Today is Alzheimer’s day. Alzheimer’s is a devastating disease, deeply affecting individuals and their families alike. It is the 6th leading cause of death in the United States and the only one we cannot prevent, cure or even slow down in its progression.
The very least you can do is to spend one minute to watch this video to understand just how bad Alzheimer’s is and share it with family and friends.
Sciences is part of Life
Science is so much more than its technical details. With careful attention to presentation, cutting-edge insights and discoveries can be clearly and faithfully communicated independent of those details; in fact, those insights and discoveries are precisely the ones that can drive us to want to learn the details.
We must embark on a cultural shift that places science in its rightful place alongside music, art and literature as an indispensable part of what makes life worth living.
Read more on the NY Times.
20th century deaths
The purpose of visual design is to help the end users benefit from the information. A good graph gets someone who is not inclined to look at complicated data, to actually spend time on it and learn something worthwhile. Look at this visualization of the major causes of death in the 20th Century. Did you know that tobacco killed 15 times more people than illegal drugs? Or that people were more inclined to commit suicide than to kill other people? And that 20% of all deaths in the world were self inflicted, through war, murder, and ideology?
Remember good old Euclid and his work on geometric algebra? Something magic happens to the ancient theorems when Oliver Byrne (1810-1890) applies some color and principles of visual design. Excerpt from Byrne’s introduction: “We do not introduce colours for the purpose of entertainment or to amuse […], but to assist the mind in its researches after truth, to increase the facilities of instruction, and to diffuse permanent knowledge”. And remember, we are talking A.D. 1847. I love it!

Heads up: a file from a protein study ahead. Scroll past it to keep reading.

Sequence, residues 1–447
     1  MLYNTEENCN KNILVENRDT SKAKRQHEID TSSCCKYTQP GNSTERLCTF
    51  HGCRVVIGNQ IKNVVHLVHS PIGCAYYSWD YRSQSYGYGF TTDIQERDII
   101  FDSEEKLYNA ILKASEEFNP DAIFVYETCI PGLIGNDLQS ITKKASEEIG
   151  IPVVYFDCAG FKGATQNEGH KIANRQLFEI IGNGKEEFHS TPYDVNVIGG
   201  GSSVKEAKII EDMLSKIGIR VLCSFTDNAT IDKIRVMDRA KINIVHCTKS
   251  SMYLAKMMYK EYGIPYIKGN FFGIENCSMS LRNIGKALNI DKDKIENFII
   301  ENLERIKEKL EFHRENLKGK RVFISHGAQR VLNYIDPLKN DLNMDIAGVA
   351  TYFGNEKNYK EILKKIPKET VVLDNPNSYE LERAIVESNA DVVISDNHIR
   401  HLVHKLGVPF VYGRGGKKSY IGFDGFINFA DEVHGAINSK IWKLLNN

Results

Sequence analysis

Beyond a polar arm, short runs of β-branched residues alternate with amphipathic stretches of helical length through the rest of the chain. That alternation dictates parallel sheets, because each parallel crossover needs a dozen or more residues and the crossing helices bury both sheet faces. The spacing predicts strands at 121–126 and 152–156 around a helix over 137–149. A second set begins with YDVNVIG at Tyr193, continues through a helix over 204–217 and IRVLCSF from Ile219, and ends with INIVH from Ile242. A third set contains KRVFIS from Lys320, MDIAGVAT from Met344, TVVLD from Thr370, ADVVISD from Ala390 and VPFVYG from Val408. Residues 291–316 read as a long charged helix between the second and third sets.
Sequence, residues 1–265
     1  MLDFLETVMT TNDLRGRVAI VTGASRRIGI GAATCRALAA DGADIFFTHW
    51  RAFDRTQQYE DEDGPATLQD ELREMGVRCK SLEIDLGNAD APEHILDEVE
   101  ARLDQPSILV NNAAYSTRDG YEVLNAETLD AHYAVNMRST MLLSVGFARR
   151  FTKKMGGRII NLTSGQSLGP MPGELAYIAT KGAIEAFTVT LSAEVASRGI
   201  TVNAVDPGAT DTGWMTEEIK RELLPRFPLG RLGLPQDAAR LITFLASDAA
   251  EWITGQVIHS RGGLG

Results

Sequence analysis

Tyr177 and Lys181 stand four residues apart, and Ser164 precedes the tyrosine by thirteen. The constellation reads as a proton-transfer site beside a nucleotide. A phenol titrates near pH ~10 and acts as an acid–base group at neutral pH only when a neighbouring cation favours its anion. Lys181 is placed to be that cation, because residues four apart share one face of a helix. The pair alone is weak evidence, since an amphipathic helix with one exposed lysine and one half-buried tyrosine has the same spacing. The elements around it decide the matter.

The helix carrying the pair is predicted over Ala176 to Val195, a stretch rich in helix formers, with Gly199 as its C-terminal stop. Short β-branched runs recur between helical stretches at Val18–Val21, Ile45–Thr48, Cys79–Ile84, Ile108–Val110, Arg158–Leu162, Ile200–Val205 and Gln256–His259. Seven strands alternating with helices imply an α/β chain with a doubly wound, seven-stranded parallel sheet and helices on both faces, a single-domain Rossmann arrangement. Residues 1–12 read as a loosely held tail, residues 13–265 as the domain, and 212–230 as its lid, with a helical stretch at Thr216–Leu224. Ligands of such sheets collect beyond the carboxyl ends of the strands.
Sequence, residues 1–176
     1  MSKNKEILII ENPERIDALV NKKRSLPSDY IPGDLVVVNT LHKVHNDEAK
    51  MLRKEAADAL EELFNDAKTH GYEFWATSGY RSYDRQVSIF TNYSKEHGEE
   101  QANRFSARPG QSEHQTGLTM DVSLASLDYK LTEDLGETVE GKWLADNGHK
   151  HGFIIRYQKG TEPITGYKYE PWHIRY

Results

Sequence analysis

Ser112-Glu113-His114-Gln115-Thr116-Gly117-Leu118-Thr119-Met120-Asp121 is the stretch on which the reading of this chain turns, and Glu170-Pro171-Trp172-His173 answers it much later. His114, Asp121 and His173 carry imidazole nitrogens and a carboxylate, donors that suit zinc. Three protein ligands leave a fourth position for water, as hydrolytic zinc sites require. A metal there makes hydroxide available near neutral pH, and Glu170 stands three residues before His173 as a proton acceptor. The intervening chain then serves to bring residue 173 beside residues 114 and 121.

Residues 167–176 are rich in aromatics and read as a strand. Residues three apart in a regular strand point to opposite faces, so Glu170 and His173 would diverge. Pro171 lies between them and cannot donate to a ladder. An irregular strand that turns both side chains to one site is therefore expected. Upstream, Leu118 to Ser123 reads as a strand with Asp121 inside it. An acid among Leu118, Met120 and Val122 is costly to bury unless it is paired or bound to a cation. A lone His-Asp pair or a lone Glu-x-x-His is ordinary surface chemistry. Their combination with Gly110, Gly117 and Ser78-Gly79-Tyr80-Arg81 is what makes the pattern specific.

In today’s world, data do not speak for themselves anymore. We scientists need to learn to communicate to non experts if we want decision makers and society at large to take us seriously. Think about it before you prepare your next presentation.
Ariel Waldman has created an innovative platform to involve everyone in space exploration. Ms Waldman is a very interesting character. Her background is in design and at some point she ended up without a job. She found outer space interesting and decided she’d apply to NASA, where she did get the job. Ariel advocates the importance of involvement in science for everybody, not just the typical PhD types. NB: She is also a fun and engaging speaker. Way to go Ariel!
American statistician Edward Tufte introduced the now classic concept of data-ink-ratio. Should we always follow his advice and eliminate unnecessary ink? Not always, if adding some non-data ink helps telling a story.
Read here about his work.